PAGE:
Smallest Black Hole Found

Smallest Black Hole Found
The lowest-mass known black hole belongs to a binary system named XTE J1650-500. The black hole has about 3.8 times the mass of our sun, and is orbited by a companion star, as depicted in this illustration. (Image credit: NASA/CXC/A. Hobar)

Updated at 2:20 p.m. ET.

NASAscientists have identified the smallest, lightest black hole yet found.

The newlightweight record-holder weighs in at about 3.8 times the mass of our sun andis only 15 miles (24 kilometers) in diameter.

"Thisblack hole is really pushing the limits," said study team leader NikolaiShaposhnikov of NASA's Goddard Space Flight Center in Greenbelt, Md. "Formany years astronomers have wanted to know the smallest possible size of ablack hole, and this little guy is a big step toward answering thatquestion."

Thelow-mass blackhole sits in a binary system in our galaxy known as XTE J1650-500 in thesouthern hemisphere constellation Ara. NASA's Rossi X-ray Timing Explorer(RXTE) satellite discovered the system in 2001, and astronomers soon realizedthat the system harbored a relatively lightweight black hole. But the blackhole's mass had never been precisely measured.

Black holescan't be seen, but they're identified by the activity around them, which alsohelps astronomers estimate a size of the region inside the activity, and howmuch mass must be in that confined region to generate all the surroundingactivity. More specifically, astronomers can weigh black holes by using arelationship between the apparent size of the black hole and the X-rays emittedby the torrent of gas that swirls into the black hole's disk from its companionstar.

As the gaspiles up near the black hole, it "becomes very dense and congested,"like a traffic jam, Shaposhnikov said at a press conference announcing thefind. "So matter has to literally squeeze into the black hole."

As it issqueezed, the gas heats up and radiates X-rays. The intensity of the X-raysvaries in a pattern repeated over a nearly regular interval. Astronomers havelong suspected that the frequency of this signal, called the quasi-periodicoscillation, or QPO, depends on the mass of the black hole.

As theblack hole gets bigger, the zone of swirling gas is pushed farther out, so theQPO ticks away slowly. But for smaller black holes, the gas sits closer in andthe QPO ticks rapidly.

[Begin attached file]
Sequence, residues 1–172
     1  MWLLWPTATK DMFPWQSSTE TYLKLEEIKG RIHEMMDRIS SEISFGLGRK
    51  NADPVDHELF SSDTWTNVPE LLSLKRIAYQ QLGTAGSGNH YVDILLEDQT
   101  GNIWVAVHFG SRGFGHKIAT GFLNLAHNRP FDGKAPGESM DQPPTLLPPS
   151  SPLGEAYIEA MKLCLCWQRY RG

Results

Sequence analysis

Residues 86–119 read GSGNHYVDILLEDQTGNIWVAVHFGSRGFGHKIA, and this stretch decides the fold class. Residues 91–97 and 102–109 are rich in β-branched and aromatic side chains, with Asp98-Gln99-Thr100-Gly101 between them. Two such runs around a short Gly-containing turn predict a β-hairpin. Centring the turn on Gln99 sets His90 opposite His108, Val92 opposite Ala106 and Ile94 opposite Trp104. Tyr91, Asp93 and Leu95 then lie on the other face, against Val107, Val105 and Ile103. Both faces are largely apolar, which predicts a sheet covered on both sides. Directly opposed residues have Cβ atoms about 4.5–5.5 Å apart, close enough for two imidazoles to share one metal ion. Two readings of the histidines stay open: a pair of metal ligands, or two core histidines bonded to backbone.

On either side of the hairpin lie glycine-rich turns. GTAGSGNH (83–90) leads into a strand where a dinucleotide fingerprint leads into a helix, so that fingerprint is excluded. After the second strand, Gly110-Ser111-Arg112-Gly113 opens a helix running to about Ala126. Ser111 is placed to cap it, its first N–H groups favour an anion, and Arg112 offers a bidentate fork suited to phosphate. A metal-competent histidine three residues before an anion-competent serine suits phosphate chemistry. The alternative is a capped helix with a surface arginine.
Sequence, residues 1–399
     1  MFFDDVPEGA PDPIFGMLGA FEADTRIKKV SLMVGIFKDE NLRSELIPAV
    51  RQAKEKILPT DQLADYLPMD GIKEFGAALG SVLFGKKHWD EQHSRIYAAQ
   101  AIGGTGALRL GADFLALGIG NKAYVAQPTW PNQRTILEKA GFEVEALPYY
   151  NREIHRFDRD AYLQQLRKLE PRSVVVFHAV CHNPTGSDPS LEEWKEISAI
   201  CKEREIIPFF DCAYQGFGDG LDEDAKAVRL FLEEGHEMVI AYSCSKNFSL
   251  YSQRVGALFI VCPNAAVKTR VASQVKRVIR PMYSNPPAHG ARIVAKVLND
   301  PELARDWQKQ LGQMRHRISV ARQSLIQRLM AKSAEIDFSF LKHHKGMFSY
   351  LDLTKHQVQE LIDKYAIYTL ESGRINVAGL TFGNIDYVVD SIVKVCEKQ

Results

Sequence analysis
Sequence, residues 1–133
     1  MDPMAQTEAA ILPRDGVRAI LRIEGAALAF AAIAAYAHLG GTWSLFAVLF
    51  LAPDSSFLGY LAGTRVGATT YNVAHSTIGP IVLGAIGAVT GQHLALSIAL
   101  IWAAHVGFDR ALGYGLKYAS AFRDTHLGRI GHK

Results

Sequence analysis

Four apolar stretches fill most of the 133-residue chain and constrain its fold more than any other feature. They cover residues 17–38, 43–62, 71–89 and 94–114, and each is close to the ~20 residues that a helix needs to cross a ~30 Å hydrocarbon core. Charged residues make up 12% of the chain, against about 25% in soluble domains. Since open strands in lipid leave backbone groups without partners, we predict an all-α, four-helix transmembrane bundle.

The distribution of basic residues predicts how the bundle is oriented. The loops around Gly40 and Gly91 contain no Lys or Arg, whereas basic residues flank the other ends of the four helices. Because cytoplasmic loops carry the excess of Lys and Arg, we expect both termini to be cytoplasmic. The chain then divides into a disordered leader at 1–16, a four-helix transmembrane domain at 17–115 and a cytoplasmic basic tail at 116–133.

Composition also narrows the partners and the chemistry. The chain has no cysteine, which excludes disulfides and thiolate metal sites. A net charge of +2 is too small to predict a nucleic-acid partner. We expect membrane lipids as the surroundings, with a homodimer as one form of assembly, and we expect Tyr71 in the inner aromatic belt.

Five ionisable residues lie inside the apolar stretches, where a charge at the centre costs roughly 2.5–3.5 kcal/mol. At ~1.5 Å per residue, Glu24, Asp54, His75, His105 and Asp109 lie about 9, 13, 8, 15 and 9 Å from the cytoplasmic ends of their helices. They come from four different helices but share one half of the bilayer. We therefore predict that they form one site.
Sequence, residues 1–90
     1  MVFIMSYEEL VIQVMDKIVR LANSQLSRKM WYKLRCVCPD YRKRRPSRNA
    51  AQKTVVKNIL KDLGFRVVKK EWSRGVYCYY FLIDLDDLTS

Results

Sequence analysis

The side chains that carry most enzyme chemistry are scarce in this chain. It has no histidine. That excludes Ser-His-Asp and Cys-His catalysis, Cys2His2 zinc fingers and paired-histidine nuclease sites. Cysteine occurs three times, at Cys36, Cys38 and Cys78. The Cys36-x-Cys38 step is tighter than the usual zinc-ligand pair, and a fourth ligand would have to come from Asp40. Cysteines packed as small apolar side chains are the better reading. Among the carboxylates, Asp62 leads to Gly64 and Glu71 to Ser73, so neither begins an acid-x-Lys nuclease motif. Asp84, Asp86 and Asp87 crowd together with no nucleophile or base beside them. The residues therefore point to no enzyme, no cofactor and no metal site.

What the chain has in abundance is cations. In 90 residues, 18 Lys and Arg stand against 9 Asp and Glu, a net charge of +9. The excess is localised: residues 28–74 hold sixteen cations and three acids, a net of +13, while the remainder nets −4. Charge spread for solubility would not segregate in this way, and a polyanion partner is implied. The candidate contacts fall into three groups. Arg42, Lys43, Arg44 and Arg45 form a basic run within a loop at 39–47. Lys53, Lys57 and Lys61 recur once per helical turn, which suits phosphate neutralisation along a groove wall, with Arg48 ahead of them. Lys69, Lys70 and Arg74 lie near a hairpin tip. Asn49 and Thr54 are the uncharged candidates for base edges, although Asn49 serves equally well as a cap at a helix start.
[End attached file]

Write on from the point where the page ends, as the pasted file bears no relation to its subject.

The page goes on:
Shaposhnikovand his colleague Lev Titarchuk of George Mason University used this methodto "weigh" XTE J1650-500 and found a mass of 3.8 suns. This valueis well below the previous record holder GRO 1655-40, which tips the scales atabout 6.3 suns.

This new ?massmeasurement could help shed light on what the smallest star that will produce ablack hole is. Astronomers know that some unknown critical threshold, possiblybetween 1.7 and 2.7 solar masses, marks the boundary between a star that generatesa black hole upon its death and one that produces a neutron star.

"Thisnew result brings us much closer to the theoretically predicted limit,"Shaposhnikov said.

Knowingthis boundary would help scientists understand the behavior of matter when itis scrunched to extraordinarily high densities.

"Thequestion of black hole masses has concerned us for more than a decade now,"said astrophysicist Vicky Kalogera of Northwestern University, who was notinvolved with the study, during the press conference. Scientists had predictedthat there should be more black holes at the lower end of the mass range thanastronomers had identified, so this study helps clear up some confusion as towhere these lightweight black holes were, she added.

Kalogeradid caution that the method used by Shaposhnikov and Titarchuk is not the mainway that black hole masses are measured, but noted that their measurements ofthe masses of other black holes agreed well with the results from the standardmethod.

Shaposhnikovand Titarchuk presented their findings on March 31 at the American AstronomicalSociety's High-Energy Astrophysics Division meeting in Los Angeles.

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Andrea Thompson

Andrea Thompson is an associate editor at Scientific American, where she covers sustainability, energy and the environment. Prior to that, she was a senior writer covering climate science at Climate Central and a reporter and editor at Live Science, where she primarily covered Earth science and the environment. She holds a graduate degree in science health and environmental reporting from New York University, as well as a bachelor of science and and masters of science in atmospheric chemistry from the Georgia Institute of Technology.